Chipiga estimated the average cost of building a new elementary school for 500 students is from $12 million to $15 million.

Kempton also told board members that Regency will include a three percent allowance for the total project to include items suggested for the U.S. Green Building Council's Leadership in Energy and Environmental Design (LEED) rating.

LEED rates buildings based on energy efficiency and addresses issues such as classroom acoustics, mold prevention and environmental assessment.

Chipiga told the board that including "green" resources could cut energy and water bills by up to 30 percent.

The district will have one year from the time the final master plan is approved to secure funding for completing all recommendations.

Comments

citizen4change ...

Comment deleted for libelous content.

schoolparent (A...

Now here is a prime example of how these comment boards can get out of whack. This is an article about the school district and its need for space to be analyzed. The story is confined to that subject only. NOWHERE does it state anything about HCJFS or any of their personnel issues. The previous poster has decided to use this forum for their own personal agenda against someone at that office. If there is a problem with an organization, tell the newspaper to write a story about that...and THEN comment on that story. Next thing will be 50 comments on the HCJFS and nothing about the school system story, which is for what this forum was intended.

ditto (Anonymous)

Right on, schoolparent. citzeen4change has spouted off on these allegations numerous times and we're all tired of his/her whinning. Take it to an attorney, take it to the prosecutor, take it anywhere but get it off here.

citizen4change ...

I will not use another format for posting on these issues. The community needs to know whats going on over there. If something would get done about it then i would stop. Why don't we get a supervisor on here to answer those allegations. They won't get on here because they know its true and they know they haven't done anything about it. So until something is done, get use to me posting anywhere, on any topic about the issues going on at Huron County Jobs and Family Services.

jseoxtwp (Anonymous)

So basically citizen4change could careless about Norwalk's schools. Understood.

I, on the other hand, would hate to see League School go. Hopefully this historic building will be kept in tact for many many years. Does anyone know what year the old high school was built? Is League the oldest building?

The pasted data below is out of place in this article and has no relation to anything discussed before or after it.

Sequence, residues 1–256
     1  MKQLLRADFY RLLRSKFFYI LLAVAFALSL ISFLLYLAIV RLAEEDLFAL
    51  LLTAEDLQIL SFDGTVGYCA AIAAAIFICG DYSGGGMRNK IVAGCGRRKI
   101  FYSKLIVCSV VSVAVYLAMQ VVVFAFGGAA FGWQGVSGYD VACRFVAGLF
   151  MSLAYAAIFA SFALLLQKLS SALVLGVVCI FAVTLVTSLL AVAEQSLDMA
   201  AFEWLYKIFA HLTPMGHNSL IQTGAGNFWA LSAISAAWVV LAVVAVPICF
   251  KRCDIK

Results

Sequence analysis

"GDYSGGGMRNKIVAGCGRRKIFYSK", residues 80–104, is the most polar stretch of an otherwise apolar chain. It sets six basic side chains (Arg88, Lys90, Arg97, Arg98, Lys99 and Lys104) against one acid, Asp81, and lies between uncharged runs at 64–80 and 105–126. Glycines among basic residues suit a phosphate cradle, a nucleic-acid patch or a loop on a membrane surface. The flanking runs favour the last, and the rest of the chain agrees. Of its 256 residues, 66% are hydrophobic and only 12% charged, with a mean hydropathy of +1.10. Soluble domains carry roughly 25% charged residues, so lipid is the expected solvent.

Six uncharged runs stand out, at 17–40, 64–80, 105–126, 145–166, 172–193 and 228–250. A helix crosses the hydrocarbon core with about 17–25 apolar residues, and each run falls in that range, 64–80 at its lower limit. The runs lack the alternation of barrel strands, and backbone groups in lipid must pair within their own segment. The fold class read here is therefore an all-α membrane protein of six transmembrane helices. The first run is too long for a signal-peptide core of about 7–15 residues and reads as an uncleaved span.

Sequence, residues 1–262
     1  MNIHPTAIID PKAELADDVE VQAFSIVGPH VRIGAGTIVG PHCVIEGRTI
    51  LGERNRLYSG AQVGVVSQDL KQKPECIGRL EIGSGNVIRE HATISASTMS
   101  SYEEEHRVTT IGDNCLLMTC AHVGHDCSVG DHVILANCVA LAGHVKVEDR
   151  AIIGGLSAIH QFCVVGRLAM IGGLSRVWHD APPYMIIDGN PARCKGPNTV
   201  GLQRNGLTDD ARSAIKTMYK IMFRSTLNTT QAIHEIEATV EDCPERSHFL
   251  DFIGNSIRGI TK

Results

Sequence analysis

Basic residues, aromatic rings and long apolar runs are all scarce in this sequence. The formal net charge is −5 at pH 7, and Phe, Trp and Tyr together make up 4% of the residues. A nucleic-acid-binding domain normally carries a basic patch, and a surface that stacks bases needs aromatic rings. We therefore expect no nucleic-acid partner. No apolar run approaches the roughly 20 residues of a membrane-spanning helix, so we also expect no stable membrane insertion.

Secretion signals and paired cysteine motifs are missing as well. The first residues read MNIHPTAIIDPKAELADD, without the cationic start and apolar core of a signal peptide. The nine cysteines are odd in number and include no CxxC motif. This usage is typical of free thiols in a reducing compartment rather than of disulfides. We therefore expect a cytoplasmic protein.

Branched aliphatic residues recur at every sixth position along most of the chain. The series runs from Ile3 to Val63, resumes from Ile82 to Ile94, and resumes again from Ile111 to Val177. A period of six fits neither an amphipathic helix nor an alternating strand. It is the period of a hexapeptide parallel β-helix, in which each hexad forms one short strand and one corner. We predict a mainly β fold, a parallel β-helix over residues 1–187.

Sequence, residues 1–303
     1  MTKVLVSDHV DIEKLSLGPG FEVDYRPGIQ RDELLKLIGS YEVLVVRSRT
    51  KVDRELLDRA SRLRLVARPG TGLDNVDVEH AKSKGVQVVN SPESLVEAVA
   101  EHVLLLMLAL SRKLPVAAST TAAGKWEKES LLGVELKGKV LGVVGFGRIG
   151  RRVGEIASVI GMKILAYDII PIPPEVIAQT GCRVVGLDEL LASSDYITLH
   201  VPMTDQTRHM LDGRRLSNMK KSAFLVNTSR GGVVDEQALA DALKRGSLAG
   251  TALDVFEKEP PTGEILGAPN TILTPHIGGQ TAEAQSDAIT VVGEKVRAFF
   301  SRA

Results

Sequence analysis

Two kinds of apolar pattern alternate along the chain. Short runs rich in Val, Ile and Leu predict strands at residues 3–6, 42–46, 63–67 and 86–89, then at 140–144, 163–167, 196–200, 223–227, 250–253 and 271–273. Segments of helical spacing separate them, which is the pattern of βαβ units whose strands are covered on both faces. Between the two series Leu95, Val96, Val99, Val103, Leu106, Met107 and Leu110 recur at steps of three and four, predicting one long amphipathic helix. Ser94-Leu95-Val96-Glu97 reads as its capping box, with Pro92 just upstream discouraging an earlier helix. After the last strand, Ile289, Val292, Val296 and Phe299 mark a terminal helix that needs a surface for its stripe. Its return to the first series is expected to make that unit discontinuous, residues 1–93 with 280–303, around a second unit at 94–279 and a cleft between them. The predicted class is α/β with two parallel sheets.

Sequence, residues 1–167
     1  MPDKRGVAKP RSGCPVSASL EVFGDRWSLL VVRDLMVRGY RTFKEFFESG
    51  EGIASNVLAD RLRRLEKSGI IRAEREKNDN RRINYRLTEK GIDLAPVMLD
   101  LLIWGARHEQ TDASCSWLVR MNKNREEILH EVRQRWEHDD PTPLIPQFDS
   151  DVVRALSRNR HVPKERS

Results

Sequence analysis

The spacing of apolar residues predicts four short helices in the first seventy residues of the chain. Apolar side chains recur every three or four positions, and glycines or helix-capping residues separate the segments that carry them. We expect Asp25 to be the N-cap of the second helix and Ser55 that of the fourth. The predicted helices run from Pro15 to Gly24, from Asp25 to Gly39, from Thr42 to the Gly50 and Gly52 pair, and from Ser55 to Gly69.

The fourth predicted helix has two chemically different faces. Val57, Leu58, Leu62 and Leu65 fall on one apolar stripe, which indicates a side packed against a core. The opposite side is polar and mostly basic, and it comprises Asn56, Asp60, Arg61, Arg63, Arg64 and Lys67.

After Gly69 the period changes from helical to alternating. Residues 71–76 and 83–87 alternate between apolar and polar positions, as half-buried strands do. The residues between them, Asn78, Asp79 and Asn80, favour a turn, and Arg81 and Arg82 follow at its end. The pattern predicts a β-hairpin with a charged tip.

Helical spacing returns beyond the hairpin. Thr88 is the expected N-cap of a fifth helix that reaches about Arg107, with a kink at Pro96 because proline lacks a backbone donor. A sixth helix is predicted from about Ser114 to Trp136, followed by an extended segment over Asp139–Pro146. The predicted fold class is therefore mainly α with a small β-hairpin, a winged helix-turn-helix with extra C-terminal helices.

citizen4change ...

No i didn't say i didn't care about Norwalk Schools. What i said was there are other issues that need to be addressed besides the school system.

citizen4change ...

So i see the powers that be are deleting my comments because they are quote libelous. HOw are they libelous? They are the truth. THe Clerk at Child Support is the one who is running her mouth about certain issues that she shouldn't be. And her bosses are not doing anything about it. I think the paper should do an investigative report on those issues at child support. Lets use common sense people, if i know the information people, how did i find out???? Someone from that adgency told me.

citizen4change ...

I wonder why the post was deleted?? Maybe because a name was being used. OK i won't use a name, but i will tell you she is the only Clerk in Child Support.

put a cork in i...

dear citizen4terror or pi4 life or whatever, two words i wish you'd learn "protection" and "order". "psychotherapy" and "anger management" are next on the list. Keeping League Street school is what the topic is. A very worthwhile subject matter.

dear citizen4te...

nobody cares about your so called problem. call swiss family and tell them all about it, ok?

About time (Ano...

It's about time state and school can finally work together. It has been a long time coming. Norwalk school has a great school system.

I agree (Anonymous)

Norwalk does have the best schools.

It costs money ...

Too bad it costs money to pay for them to go to a good school here in town. I can not afford it.

Good education ...

I respect all the teahers and staff who work hard everyday, in all the schools. We have great kids in the community.

good education ...

I also wanted to say the parents do a great job of helping with their childs school life. Keep it up Norwalk Schools!
I'm proud of you.

Parents (Anonymous)

Parents do play a very important role in their childs life.

Test scores (An...

Are there state test scores for the private schools in norwalk? If so how do I find them?

Ask (Anonymous)

ask a teacher where your child goes to school. You can also try googling your childs school, and type in test scores.